A Sit-Down with Sight Unseen’s Monica Khemsurov & Jill Singer

What's New, What's Next

By Anna Carnick

New Yorkers Monica Khemsurov and Jill Singer first met about a decade ago while working as editors at ID Magazine. In 2009, together they launched Sight Unseen, an online design magazine spotlighting “what’s new and next in contemporary design.” The site quickly became a go-to resource for inspiration for design lovers around the globe, embracing all that’s fresh and fun while maintaining a consistent aesthetic. Even as they cull projects from up-and-coming, independent designers all over the world, a clearly defined, “Sight Unseen” style has emerged—particular colors, shapes, and mixed materials that could quite conceivably define the way the world looks back on the 2010s, say 50 years from now. In an era when independent designers around the world seem to all be doing their own thing, the Sight Unseen choices give us a sense of a larger design movement.

In addition to their popular site, Khemsurov and Singer have since gone on to curate a series of shows and events. In fact, the pair just completed their latest installment of Offsite, a must-see, now-annual group design exhibition held in conjunction with New York’s Design Week. Though still catching their breaths from the recent excitement, the two took a few moments to sit down and chat with us.


Anna Carnick: What is Sight Unseen’s mission?

Sight Unseen: To be a resource for discovering the best new talents, objects, materials, aesthetics, ideas, trends, technologies, and approaches in contemporary design and the visual arts. We have a strong focus on independent makers, often working across traditional disciplinary boundaries, but we’re just as likely to feature a chair by Konstantin Grcic for Vitra if we think it’s interesting, beautiful, and relevant.

AC: How did Sight Unseen begin?

SU: When the time came for us to move on from ID, we wanted to do a project together that would be a kind of sandbox for us to indulge in the elements of working at ID that we’d most enjoyed—showcasing emerging talents and telling backstories about process and inspiration. We realized that the easiest and quickest way for us to build a platform would be to start an online magazine. We dreamed up the idea for Sight Unseen a month after we left ID, and it launched a mere six months after that.

AC: How has Sight Unseen evolved since 2009?

SU: When we started, our idea was to focus exclusively on the spaces and stories in design that the average person typically wouldn’t have access to—hence the name Sight Unseen. We still do a great deal of that, but we’ve loosened up our directive as we’ve become more interested in curation and scouting and forecasting what’s new and next. We also launched just as a wave of other studio-visit-focused websites were about to launch—it must have been in the air. We’ve always done exactly what we wanted to do on Sight Unseen and followed our instincts, so as our interests change, the site changes, too.

AC: While your site spotlights a broad array of designers and innovators, Sight Unseen has a particular aesthetic. How would you describe it? What’s the stylistic (or other) thread that connects the designers you present?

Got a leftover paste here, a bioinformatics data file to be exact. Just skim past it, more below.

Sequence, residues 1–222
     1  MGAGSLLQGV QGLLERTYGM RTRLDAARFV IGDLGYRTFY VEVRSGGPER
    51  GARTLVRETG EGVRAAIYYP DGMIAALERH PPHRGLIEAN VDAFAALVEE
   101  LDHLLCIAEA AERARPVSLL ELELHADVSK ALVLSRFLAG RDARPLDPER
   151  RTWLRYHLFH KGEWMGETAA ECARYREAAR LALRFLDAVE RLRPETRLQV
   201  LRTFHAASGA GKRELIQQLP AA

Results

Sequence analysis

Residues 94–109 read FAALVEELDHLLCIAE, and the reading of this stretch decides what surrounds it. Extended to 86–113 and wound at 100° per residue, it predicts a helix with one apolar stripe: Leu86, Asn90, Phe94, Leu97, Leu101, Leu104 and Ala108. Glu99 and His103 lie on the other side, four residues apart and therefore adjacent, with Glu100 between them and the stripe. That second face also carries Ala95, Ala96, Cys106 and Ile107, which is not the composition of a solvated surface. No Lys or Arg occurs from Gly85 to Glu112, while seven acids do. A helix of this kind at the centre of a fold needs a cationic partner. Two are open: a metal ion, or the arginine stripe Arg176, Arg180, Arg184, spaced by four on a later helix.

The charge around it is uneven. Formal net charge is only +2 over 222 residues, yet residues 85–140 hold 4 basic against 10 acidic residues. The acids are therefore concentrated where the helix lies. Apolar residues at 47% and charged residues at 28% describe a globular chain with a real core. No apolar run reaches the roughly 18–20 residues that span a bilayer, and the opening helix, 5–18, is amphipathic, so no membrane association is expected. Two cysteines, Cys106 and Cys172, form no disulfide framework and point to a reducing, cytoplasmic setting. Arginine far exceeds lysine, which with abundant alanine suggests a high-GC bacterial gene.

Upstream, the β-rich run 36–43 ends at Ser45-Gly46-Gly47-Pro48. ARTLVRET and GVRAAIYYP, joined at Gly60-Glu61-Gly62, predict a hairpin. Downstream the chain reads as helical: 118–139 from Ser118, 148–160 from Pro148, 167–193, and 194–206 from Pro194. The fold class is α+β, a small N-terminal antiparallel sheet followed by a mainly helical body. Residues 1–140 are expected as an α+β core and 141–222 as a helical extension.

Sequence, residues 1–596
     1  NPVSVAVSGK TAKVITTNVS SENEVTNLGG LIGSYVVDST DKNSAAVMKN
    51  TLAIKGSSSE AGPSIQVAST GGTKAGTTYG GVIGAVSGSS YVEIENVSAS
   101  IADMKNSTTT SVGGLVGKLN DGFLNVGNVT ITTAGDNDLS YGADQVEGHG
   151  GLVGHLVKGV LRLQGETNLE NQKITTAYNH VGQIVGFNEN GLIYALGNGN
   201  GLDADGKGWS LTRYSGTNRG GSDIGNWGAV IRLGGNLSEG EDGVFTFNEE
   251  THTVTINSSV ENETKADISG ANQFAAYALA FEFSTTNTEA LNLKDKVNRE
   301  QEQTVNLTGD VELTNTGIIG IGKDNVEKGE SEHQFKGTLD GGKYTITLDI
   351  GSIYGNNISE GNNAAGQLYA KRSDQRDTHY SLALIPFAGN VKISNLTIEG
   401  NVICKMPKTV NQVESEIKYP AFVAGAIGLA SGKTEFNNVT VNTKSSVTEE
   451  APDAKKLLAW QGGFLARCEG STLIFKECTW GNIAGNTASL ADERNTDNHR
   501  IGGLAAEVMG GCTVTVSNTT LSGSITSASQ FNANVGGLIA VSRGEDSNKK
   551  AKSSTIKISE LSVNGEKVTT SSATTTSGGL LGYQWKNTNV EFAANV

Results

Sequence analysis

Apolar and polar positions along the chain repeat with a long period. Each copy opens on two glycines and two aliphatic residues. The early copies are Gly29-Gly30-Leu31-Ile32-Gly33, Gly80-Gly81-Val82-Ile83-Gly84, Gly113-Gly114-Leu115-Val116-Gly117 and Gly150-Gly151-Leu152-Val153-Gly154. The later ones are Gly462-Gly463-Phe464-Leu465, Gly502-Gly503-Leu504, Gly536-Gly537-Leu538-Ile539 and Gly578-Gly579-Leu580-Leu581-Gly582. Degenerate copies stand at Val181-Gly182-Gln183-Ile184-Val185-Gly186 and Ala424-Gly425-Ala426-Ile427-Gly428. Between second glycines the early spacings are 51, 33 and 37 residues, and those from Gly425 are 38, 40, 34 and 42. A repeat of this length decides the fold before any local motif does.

SU: Again, we always follow our instincts. So if you look carefully you’ll see the ways in which our aesthetic is constantly shifting in response to new materials, new ideas, new vibes we start to feel in the air. The thread that anchors it all is that we love clean, graphic lines, simplicity, and minimalism, but also the skillful mixing of materials and textures, and a strong use of color and geometries. We don’t like anything kitschy, overly conceptual, overly trendy, overdone, or anything related to street art. We also hate when people try to solve problems that don’t exist in an attempt at achieving novelty (ie, creating something to cleverly address a need that’s not realistically useful).

AC: What trends are you seeing and enjoying most right now?

SU: Material blocking—it’s like color blocking, but mixing solid fields of single materials. Also, we’re very much loving the ongoing trend of designers inventing their own materials and techniques, and making their pieces about that process more than about function. And then there’s the [recently observed] “warm minimalism” trend.

 Anna Carnick: This year’s Offsite exhibition was really well received. In your opinion, what set this year’s show apart from those of past years?

Sight Unseen: This year, from our perspective, was only slightly different from past years. The rigorousness of our curation was the same, and the spirit of the show as a platform for new ideas and talents in design was the same. But we did invite more brands into the show than we have previously, such as Umbra Shift and Land of Nod. We also had two elaborate, curated projects—an exhibition in which a dozen designers created objects inspired by Shaker furniture and a project in which we invited five American studios to collaborate long-distance with five Norwegian studios—and a greater international presence at this year’s show.

AC: Where do you hope to see Sight Unseen five years from now? 

SU: We have the same hopes for Sight Unseen that anyone would have for their business: We’d like it to grow! To have more content, more readers, and more great contributors. Of course for us, we’re only willing to develop it in ways that stay true to our really specific vision and curation, so our growth tends to be slower than most. We’ll see. We’d also love to see Sight Unseen OFFSITE grow to encompass even more brands and designers that fit that vision.

  • Interview by

    • Anna Carnick

      Anna Carnick

      Anna is Pamono’s Managing Editor. Her writing has appeared in several arts and culture publications, and she's edited over 20 books. Anna loves celebrating great artists, and seriously enjoys a good picnic.

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